One of the biggest challenges facing business owners and HR teams is answering the question, "How can I attract and retain the best talent possible?" Your team is the backbone of your company, and almost nothing disrupts your company's flow more than receiving a key employee's two weeks notice and the ensuing scramble to find a top flight replacement. It's an HR and management nightmare.
The race to bolster retention and increase employee happiness is leading many companies to adopt trendy perks packages and modernized workspaces in an attempt to stand out. But I think this might be the wrong way to go, and I have the research to back up that theory.
At TINYpulse, we've sent out hundreds of thousands of surveys to employees worldwide over the past 18 months. What we've found is that what employees value most (and what they'll stick around for) has nothing to do with work perks or even higher salaries. In fact, it's much simpler than that.
According to the users of TINYpulse, if you really want to keep your best employees, here are five things they really want from you:
#1. They want recognition
As basic as this might sound, your employees want to be recognized for doing a great job. Too many employees feel that their hard work is going unnoticed (or worse, disregarded.) At some level we're all looking for validation, and your employees are no different.
Take the time to recognize their hard work whether it brings huge, splashy results or not. Show them that your company cares, and they'll happily stick around.
#2. They want to be coached
Your best employees aren't content to just slide by. They want to know how they are doing and how they can improve. That means critiquing, but it also means coaching. Help them recognize what they're doing well and where areas for improvement exist.
Help them develop new skills. If your employees don't feel they can grow professionally with your company, they'll go searching for a company where they can.
#3. They want to feel at home
Your employees spend more hours each week at the office with coworkers than they do at home with family or friends. If they feel isolated at work, they're more likely to become disengaged and, in the end, leave.
Give them opportunities to meet and interact with the rest of the team. One of the most frequent concerns shared by employees is that they feel they don't know all of their coworkers (especially new additions.) Make sure their time at the office feels more like a family gathering than like a prison sentence.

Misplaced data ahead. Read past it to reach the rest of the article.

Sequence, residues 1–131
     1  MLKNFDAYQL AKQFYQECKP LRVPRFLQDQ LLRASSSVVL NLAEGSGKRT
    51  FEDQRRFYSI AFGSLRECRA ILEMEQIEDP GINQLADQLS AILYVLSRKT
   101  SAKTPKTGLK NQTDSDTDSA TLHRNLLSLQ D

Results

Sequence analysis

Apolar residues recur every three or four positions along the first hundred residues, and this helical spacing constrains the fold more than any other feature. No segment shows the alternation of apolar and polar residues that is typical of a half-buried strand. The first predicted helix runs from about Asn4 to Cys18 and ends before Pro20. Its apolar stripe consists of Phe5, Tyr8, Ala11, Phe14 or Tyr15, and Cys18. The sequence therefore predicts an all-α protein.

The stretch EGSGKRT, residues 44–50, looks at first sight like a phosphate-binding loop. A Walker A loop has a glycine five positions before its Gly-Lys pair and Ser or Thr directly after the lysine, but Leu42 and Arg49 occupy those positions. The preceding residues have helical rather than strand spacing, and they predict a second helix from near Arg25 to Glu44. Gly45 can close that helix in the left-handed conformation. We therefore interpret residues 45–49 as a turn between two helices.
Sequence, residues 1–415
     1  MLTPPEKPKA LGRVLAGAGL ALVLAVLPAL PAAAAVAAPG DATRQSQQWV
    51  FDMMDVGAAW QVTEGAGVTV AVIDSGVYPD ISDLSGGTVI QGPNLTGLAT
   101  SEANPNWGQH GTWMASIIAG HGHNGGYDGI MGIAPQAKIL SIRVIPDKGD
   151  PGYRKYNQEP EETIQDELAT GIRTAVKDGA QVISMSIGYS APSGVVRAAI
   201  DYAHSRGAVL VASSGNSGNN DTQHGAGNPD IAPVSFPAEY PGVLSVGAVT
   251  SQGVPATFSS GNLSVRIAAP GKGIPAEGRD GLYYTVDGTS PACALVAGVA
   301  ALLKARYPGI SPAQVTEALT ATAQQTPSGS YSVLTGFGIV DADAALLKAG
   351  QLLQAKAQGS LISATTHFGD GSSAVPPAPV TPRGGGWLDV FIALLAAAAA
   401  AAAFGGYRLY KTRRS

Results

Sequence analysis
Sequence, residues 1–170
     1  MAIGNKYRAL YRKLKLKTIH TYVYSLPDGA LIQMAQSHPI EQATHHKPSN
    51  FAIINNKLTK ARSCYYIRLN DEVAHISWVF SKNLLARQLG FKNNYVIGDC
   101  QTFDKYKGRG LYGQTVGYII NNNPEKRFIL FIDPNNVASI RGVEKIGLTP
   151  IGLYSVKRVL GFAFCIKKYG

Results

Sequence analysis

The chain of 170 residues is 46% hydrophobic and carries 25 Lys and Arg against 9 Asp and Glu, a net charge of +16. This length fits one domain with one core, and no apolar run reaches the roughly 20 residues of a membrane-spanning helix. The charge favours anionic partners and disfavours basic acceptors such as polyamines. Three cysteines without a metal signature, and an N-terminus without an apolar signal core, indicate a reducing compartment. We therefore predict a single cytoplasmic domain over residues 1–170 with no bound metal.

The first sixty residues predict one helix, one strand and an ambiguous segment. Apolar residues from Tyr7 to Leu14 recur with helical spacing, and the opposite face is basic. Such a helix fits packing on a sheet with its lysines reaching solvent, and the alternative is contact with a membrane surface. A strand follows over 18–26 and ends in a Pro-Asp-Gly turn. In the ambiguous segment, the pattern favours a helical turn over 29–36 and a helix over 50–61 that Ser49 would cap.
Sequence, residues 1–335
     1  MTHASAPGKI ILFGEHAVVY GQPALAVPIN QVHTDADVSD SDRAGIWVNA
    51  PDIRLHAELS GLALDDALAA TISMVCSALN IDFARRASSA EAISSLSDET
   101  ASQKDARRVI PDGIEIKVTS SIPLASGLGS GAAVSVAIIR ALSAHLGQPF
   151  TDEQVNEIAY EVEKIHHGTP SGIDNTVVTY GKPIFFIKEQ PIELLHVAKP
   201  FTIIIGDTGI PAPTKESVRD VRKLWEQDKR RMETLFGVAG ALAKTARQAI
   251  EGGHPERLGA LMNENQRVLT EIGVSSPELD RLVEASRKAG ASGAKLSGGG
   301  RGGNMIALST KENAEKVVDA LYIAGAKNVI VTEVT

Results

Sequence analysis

#4. They want more work
One of the biggest surprises we've seen at TINYpulse is how often our users point out that a coworker is overloaded with assignments that they would gladly share. In other words, they want to help!
Carefully monitoring each employee's workload is one way to ensure they are staying engaged and feeling challenged. Remember, your employees are looking for opportunities to grow and when their workload is too small, they feel undervalued and disengaged. Show your team they are valued by filling up their plates.
#5. They want a voice
This is a little thing that goes a long way. We are constantly hearing from employees who feel their feedback is being ignored or not asked for at all. They are full of great ideas that they want to share, but you aren't asking.
Take the time to hand them the microphone the next time you discuss a project or company policy; It will help them feel ownership over the direction of the company, and will make them much less likely to jump ship.
Keeping your team engaged and making sure they are invested in the future of your company doesn't have to be difficult. Start out by trying the five tips above. Remember, sometimes the best way to find out what your employees really want is by asking them. Show them you're listening and committed to improving, and they are likely to respond in kind.
About the Author
Jimmy Winskowski is a West Coast startup lover who is dedicated to changing the way you approach your workday. He believes that the grass is greener where you water it most and that behind every great piece of data is a story. Follow him on Twitter at @jwinskowski.